Last night, outside GAME's flagship store on Oxford Street, London, hundreds of PC gamers queued to buy Blizzard's real-time strategy sequel StarCraft II. It wasn't exactly chaos - more like orderly enthusiasm - but it was fun nonetheless.
Before all the hullabaloo, Eurogamer hopped on the train to London to chat with Blizzard's vice president and executive managing director for international operations Michael Ryder, and StarCraft II's lead software engineer Carl Chimes, to get some insight into the launch of what will no doubt be the biggest PC exclusive game of the year (unless World of Warcraft: Cataclysm comes out in 2010, anyway).
Read on for Real ID, really epic stories, and what's next.
Eurogamer: What emotions are you experiencing now that the game is finally out?
Carl Chimes: It's very exciting. We're all pumped up and ready to start work on the expansions. We're just very happy to be releasing StarCraft II. It's riveting.
Michael Ryder: It's been a huge effort. The one thing that makes it even more exciting for us is the fact that it's a global launch. We're launching in 11 languages on five continents within 24 hours. So there's a lot of excitement. We've got the adrenaline.
There's going to be a lot going on starting in a few hours. It is really exciting. It's kind of exhilarating, actually.
Eurogamer: What do you do after the servers are turned on and the game goes on sale? Do you obsess over what people say on forums?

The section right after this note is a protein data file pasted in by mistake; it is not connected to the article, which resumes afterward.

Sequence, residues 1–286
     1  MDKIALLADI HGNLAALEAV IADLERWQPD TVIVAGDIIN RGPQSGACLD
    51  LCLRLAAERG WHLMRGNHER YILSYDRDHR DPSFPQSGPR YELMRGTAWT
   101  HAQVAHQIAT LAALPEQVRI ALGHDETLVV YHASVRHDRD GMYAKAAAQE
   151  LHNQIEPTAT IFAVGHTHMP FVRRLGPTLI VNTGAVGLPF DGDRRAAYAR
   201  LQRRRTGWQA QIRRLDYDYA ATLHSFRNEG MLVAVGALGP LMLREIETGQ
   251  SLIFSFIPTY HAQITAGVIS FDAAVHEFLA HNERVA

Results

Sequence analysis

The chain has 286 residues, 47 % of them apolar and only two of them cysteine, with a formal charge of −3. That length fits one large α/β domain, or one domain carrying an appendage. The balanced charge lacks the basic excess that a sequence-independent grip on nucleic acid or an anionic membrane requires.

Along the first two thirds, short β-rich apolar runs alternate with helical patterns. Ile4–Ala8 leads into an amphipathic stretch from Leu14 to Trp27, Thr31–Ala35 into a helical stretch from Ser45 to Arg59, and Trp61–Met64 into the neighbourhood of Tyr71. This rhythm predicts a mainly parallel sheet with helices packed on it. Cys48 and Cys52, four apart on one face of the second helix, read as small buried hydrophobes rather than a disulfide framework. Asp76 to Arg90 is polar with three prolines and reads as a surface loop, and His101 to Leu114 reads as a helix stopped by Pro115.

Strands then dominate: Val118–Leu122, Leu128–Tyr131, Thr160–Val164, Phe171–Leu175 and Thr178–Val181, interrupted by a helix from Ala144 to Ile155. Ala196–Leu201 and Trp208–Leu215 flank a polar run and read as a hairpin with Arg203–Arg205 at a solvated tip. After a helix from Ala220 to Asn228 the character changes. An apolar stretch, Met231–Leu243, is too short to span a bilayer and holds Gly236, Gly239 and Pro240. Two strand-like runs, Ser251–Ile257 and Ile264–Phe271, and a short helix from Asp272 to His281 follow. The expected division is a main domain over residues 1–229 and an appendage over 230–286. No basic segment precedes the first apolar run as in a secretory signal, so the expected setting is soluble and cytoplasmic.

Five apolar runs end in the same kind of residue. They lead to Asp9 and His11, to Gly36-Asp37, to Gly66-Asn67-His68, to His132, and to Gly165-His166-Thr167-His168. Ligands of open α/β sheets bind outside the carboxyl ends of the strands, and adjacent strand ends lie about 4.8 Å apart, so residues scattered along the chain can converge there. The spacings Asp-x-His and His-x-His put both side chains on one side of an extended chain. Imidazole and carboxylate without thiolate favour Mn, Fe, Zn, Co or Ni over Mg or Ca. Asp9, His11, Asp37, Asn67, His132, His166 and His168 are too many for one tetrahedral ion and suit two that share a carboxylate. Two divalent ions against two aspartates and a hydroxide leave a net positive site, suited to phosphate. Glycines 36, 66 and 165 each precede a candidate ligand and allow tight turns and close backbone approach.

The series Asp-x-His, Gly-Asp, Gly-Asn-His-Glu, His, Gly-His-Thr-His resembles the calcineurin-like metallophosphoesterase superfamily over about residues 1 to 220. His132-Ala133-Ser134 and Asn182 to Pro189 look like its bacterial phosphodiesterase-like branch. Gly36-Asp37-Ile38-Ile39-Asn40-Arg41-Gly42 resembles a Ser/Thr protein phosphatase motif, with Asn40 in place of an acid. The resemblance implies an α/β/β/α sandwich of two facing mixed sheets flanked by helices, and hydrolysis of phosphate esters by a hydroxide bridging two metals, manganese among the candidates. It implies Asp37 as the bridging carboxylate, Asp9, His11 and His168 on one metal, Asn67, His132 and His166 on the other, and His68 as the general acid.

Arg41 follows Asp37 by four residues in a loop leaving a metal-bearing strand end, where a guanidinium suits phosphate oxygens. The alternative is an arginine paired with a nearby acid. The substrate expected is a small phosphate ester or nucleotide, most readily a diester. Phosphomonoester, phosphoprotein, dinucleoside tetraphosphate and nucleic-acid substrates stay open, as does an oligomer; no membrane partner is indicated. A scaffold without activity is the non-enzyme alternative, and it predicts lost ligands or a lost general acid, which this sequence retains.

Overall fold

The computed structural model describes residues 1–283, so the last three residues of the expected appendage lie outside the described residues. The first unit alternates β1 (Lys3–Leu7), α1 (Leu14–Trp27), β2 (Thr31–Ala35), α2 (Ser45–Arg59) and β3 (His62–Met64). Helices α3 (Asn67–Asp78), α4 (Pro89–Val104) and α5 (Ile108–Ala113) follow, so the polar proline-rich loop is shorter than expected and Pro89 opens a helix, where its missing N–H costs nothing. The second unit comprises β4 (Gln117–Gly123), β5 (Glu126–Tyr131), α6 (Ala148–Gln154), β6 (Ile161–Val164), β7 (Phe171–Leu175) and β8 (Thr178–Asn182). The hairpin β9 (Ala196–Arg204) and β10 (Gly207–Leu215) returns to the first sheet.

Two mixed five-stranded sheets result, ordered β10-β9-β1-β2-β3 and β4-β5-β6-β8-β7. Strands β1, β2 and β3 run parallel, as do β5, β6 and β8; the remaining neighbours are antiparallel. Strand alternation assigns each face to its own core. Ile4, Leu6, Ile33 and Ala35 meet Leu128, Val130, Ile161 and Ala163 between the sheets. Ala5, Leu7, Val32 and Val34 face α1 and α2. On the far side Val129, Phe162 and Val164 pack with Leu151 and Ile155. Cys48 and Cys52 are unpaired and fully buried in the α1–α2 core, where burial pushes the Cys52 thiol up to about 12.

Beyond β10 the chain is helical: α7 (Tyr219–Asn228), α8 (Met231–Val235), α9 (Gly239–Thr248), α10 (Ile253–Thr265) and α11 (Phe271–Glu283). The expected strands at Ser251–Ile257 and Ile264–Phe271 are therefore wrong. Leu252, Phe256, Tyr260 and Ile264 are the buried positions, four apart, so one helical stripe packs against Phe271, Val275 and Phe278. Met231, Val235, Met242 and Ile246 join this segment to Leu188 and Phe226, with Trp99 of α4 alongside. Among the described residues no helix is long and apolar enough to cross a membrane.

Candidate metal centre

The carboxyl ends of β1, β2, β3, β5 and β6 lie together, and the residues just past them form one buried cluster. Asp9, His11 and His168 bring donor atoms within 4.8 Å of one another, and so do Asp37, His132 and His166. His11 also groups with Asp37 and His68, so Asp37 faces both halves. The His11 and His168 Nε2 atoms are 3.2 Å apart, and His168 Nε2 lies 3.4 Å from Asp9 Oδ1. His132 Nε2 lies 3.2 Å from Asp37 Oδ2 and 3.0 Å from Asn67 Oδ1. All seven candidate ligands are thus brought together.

Carl Chimes: We're always interested in hearing what the community has to say about the game. We're going to be monitoring the balance of the game. We were in beta for a while, and we think we've nailed it and come up with a finely tuned, balanced game.
We'll definitely be monitoring it going forward and we're ready to react.
Michael Ryder: Part of our company culture is to be in tune with the players. We want to hear what they're thinking and make sure everything's working right.
Obviously with such a big launch in so many different places, there are bound to be a few things here and there that need to be tweaked. So we want to be right on top of it. We're going to spend a lot of time listening to how people are responding.
Eurogamer: What can you do then? Can you react quickly to what people are saying?
Carl Chimes: It's true, we do have the ability to patch the game when we feel it's necessary. We're able to react very quickly if we need to.
Michael Ryder: We've got an organisation at Blizzard, even as we speak, we've got a group of people that are in a command centre, so we can coordinate on issues that need be addressed as we launch around the world. We monitor that on a 24/7 basis all the time.
Eurogamer: StarCraft is known for its balance. Did you keep the number of playable races in StarCraft II the same as in StarCraft to preserve the balance?
Carl Chimes: At Blizzard we have this core design philosophy called concentrated coolness. If we think we can make the races completely distinct and unique from one another and still balance them appropriately, then that's what we'll do.
We don't think we're going to add much to the game by adding an extra race and diluting the abilities of the existing races. So really early on we decided we want to stick with the three races. We love them. We just wanted to make them even more distinct and still just as balanced as the original.